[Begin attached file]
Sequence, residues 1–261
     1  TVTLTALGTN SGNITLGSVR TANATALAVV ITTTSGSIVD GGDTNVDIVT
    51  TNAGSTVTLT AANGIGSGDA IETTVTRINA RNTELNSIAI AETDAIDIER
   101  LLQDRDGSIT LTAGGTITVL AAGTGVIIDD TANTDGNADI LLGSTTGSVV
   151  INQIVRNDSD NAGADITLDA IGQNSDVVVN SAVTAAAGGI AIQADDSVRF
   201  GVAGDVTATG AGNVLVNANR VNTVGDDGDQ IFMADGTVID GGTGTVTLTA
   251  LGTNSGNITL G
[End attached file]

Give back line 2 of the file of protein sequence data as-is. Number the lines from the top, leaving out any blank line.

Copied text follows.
     1  TVTLTALGTN SGNITLGSVR TANATALAVV ITTTSGSIVD GGDTNVDIVT